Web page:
If it’s genetic, nothing is going to change them except surgery. A friend went to Naresh Joshi at the Lister Hospital in London (020 7460 5739) for a small operation and was thrilled with the result. Laser treatments might help, but you need a consultation with a dermatological surgeon or an ophthalmic surgeon to find the best one.

Puffy eyes and dark circles can be influenced by ill health (in eastern medicine dark circles are considered to be a problem with liver or kidneys). The age-old model trick is Preparation H Ointment (for haemorrhoids) on your eye bags, which helps them to shrink temporarily, but it’s not a good idea long term.

The skin under the eyes is very thin, so avoid ultraviolet light (buy decent sunglasses).

A cream with Retin A, such as RoC will help with fine lines, but there is no magic cream that gets rid of the problem, whatever the marketing spiel might say.

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Hair Products

Types of hairstyling products

Hair wax

Hair wax is a thick hairstyling product containing wax, used to assist with holding the hair. It does not harden like products such as hair gel, but remains pliable. Hair wax has been used for many years. In fact, a waxy soap-like substance was invented by the ancient Gauls as a hair styling agent and was not used as a cleaning agent until many years later. Hair wax is currently experiencing an increase in popularity[says who?], with many manufacturers releasing versions, referred to as pomade, putty, glue, whip, and styling paste.

Hair mousse

Hair mousse is a toiletry added to hair for extra volume and shine. It often comes in either spray or cream form. It adds volume without any clumps or buildup.

Apply to hair when hair is wet or damp, not dry. Apply all around and comb hair afterwards to make sure that the mousse is evenly spread.

Hair mousse is purple inside the can, but when released the isobutylene makes it an off-shade white.


Pomade (also called pomatum) is a greasy or waxy substance that is used to style hair. Pomade makes hair look slick and shiny. Unlike hair spray and hair gel, pomade does not dry and often takes several washes to remove – a special shampoo, though, may be used. Other de-greasers include olive oil, dish washing liquid and lemon juice. Most pomades contain petroleum jelly (and in fact petroleum jelly can be used alone as a pomade) and mineral oil, and many also contain some sort of wax. They may also contain perfume and coloring agents. A plethora of pomades are still in production today and vary in factors such as weight, shine and scent. The stiffest will have a higher proportion of beeswax while the lightest may have a higher proportion of oils.

Hair gel

Hair gel is a hairstyling product that is used to stiffen hair into a particular hairstyle. The results it produces are usually similar to but stronger than those of hair spray and weaker than those of hair glue or hair wax.


Hair spray

Hair spray (also hair lacquer, spritz, or sticky water) is a common household aqueous solution that is used to keep hair stiff or in a certain style. Weaker than hair gel, hair wax, or glue, it is sprayed to hold styles for a long period. Using a pump or aerosol spray nozzle, it sprays evenly over the hair. May leave hair feeling “crunchy” unless brushed out. Hair spray was first developed and manufactured in 1948 by Chase Products Company, based in Broadview, Illinois.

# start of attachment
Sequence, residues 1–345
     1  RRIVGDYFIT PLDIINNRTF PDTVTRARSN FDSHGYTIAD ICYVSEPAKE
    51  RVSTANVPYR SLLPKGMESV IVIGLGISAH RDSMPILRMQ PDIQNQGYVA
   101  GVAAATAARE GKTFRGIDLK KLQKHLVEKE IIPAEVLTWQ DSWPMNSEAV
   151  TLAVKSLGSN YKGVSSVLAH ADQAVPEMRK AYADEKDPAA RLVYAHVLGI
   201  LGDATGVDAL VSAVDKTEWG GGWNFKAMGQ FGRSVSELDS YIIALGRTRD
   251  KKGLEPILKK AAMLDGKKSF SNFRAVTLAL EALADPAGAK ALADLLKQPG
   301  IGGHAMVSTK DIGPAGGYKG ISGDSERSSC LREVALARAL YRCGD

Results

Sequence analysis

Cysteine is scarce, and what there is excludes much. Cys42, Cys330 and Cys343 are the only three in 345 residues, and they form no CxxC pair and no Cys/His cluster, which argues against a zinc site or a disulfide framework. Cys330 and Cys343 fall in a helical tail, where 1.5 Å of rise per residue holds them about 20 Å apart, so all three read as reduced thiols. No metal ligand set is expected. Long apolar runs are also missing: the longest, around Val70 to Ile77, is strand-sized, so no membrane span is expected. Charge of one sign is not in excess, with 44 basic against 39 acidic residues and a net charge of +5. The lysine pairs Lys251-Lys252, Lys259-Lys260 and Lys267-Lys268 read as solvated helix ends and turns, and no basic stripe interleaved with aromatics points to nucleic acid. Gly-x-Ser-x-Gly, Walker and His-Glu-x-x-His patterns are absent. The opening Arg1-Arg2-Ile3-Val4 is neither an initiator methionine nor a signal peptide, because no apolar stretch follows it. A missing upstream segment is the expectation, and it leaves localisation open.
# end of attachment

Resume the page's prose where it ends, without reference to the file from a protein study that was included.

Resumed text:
Its active ingredient is a suitable polymer or the chemical elastesse. Elastesse is a form of liquid elastic that keeps the hair stiff and firm without snapping.

The solvent used was once a compound of carbon, fluorine, and chlorine (a chlorofluorocarbon, or CFC). CFCs are nontoxic, nonflammable, and make almost ideal aerosol propellants. However, when it was learned that they cause destruction of stratospheric ozone, they were replaced with other solvents, like alcohols and hydrocarbons.

One of the polymers used is polyvinylpyrrolidine, which is also used to glue the layers of wood in plywood together. A non-water soluble polymer called polydimethylsiloxane is added to make the hold last a bit longer (the polyvinylpyrrolidine is water soluble). Pytocalcious chemicals are another family of ingredients in hair spray, which increase the amount of minerals in the hair’s root causing the hair to become stiff.

Other polymers used in plastic-based hairsprays are copolymers with vinyl acetate and copolymers with maleic anhydride.

Some hair sprays use natural polymers and solvents like vegetable gums dissolved in alcohol. One popular ingedient is gum arabic is made from the sap of certain trees that grow in the Sudan. Gum tragacanth is another herbal gum that is used to stiffen calico and crepe, as well as hair.

Hair Volumizer

Hair volumizers are used to temporarily add volume, body and shine to thin or flat hair. Hair volumizers are also used by balding men to make their hair mass look dense. They come in many forms like shampoos, conditioners, sprays, pomades and lotions.

Hair volumizers contains humectants which work by attracting moisture from the surrounding areas to the hair strand, thereby swelling the hair and making it look thicker. Various polymers present in the volumizer, coat the hair strand making it look thicker and shiny.

Shampoo and conditioner forms of the volumizers are used just like ordinary shampoo or conditioners. The spray and lotion form of volumizers are used in damp hair, near the roots of the hair; the person flips her/his head downwards and gradually blow dries the hair, with the air being blown along the shaft of the hair; once hair are dry the person can flip his/her head up.


Other types of products include serums, leave-in conditioner, hair tonic, and heat protection spray.